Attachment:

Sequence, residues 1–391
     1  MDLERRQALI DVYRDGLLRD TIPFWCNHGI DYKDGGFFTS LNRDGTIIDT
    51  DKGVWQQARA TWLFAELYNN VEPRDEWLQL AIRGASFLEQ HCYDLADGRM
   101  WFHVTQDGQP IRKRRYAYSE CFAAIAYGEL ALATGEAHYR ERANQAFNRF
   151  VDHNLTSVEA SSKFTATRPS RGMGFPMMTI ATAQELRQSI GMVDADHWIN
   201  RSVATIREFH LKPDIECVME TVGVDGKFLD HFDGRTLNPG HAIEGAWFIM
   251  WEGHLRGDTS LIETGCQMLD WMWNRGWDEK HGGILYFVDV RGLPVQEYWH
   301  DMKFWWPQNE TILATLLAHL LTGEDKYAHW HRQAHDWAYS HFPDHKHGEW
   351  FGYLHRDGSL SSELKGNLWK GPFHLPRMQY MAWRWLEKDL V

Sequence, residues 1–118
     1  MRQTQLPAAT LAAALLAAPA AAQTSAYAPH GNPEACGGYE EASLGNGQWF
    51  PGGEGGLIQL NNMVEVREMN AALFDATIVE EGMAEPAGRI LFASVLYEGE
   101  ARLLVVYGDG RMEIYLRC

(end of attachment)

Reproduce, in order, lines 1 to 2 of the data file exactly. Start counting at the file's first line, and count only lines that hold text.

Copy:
Sequence, residues 1–391
     1  MDLERRQALI DVYRDGLLRD TIPFWCNHGI DYKDGGFFTS LNRDGTIIDT